This is good stuff. TRUSTe needs to come clean about whether they're just a "brand for sale" or whether they deserve any actual trust from consumers.

Go git 'em, Rusty!... (1.00 / 1) (#3)
by genehack on Mon May 22, 2000 at 07:51:29 AM EST

genehack voted 1 on this story.

Go git 'em, Rusty!

This needs to be posted, if only fo... (1.00 / 1) (#4)
by Frigorific on Mon May 22, 2000 at 08:39:18 AM EST

Frigorific voted 1 on this story.

This needs to be posted, if only for the discussion that will follow...
Who is John Galt? Rather, who is Vasilios Hoffman?

"What the TRUSTe "trustmark" certif... (3.00 / 1) (#2)
by Commienst on Mon May 22, 2000 at 10:07:44 AM EST

Commienst voted 1 on this story.

"What the TRUSTe "trustmark" certifies, in fact, is simply that a website has stated what its privacy policies are, and will comply with that statement, whatever it may be. Oh yes, it also certifies that the owners of the website have paid a license fee to TRUSTe, for use of the "trustmark". "

There you just stated the situation perfectly. They are not a non profit group motivated by money. When ebay(or any other website for that matter) swings its big bucks under their noses they would be fools to not take it. TrustE is really just selling brand name recongnition for privacy (their little TrustE logo). What we need is a non profit volunteer organization to certify sites for meeting privacy standards.

Re: (4.00 / 1) (#5)
by rusty on Mon May 22, 2000 at 10:34:37 AM EST

Actually, from their FAQ:
TRUSTe is an independent, non-profit privacy organizations whose mission is to build users' trust and confidence on the Internet and, in doing so, accelerate growth of the Internet industry.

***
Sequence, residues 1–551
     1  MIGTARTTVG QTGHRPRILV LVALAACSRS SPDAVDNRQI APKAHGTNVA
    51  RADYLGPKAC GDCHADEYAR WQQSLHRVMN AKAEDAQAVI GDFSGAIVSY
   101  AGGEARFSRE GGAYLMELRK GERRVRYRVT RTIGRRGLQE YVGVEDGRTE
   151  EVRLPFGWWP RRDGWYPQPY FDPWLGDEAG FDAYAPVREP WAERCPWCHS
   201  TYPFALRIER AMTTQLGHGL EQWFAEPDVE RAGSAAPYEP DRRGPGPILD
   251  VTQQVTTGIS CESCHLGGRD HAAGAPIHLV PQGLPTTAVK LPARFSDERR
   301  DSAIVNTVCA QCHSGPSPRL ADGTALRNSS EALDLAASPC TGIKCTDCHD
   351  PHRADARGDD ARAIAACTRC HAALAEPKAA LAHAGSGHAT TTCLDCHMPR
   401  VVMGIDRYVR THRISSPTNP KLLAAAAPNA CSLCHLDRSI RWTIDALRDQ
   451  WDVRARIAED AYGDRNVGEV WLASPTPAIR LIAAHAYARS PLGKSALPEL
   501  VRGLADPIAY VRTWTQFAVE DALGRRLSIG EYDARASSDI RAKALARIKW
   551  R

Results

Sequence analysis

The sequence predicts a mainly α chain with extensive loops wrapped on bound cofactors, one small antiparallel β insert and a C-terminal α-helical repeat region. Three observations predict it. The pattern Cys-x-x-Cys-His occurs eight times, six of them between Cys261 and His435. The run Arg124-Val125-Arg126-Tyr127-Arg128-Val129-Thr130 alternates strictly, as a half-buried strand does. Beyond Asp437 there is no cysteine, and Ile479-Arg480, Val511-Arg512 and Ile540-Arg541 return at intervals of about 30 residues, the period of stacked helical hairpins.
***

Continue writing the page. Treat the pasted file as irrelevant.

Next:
How independent and non-profit they are, however, is still open to interpretation.

____
Not the real rusty
[ Parent ]
Thats funny (3.50 / 2) (#6)
by Commienst on Mon May 22, 2000 at 10:49:33 AM EST

Hey guess who their corporate sponsors are: AOL, Excite, Intel and Microsoft

When Microsoft asked ebay to stop users from reselling their software TrustE did not care they have been "infiltrated" by Microsoft already.

When was the last time you heard of a non profit organization charging a license fee to use their logo. I guess you can say that on the internet and get away with it since it is largely unpolicied. If it where then slashdot would no loger be able use its .org domain name.

[ Parent ]

Re: Thats funny (4.00 / 1) (#12)
by jwsh on Mon May 22, 2000 at 11:46:06 AM EST

Non profit entities can charge for services. That's not at all the point of a non-profit. Day care centers, for example, are non-profit. You still have to pay to send your kid there, but the money you pay just goes into paying teachers, and buying blocks - not the owner's pocket. That's what makes it a non-profit organization.

[ Parent ]
Re: Thats funny (3.00 / 2) (#16)
by rusty on Mon May 22, 2000 at 12:01:22 PM EST

And, considering TRUSTe doesn't sell a (manufactured, "real") product, it makes perfect sense for them to be a non-profit. They don't need the company to make a profit, they just need to distribute money to the employees. Many people mistake "non-profit" to mean "socially responsible do-gooder org", which really isn't the case. Many, many non-profits are that way simply because it makes more sense given the relevant tax laws.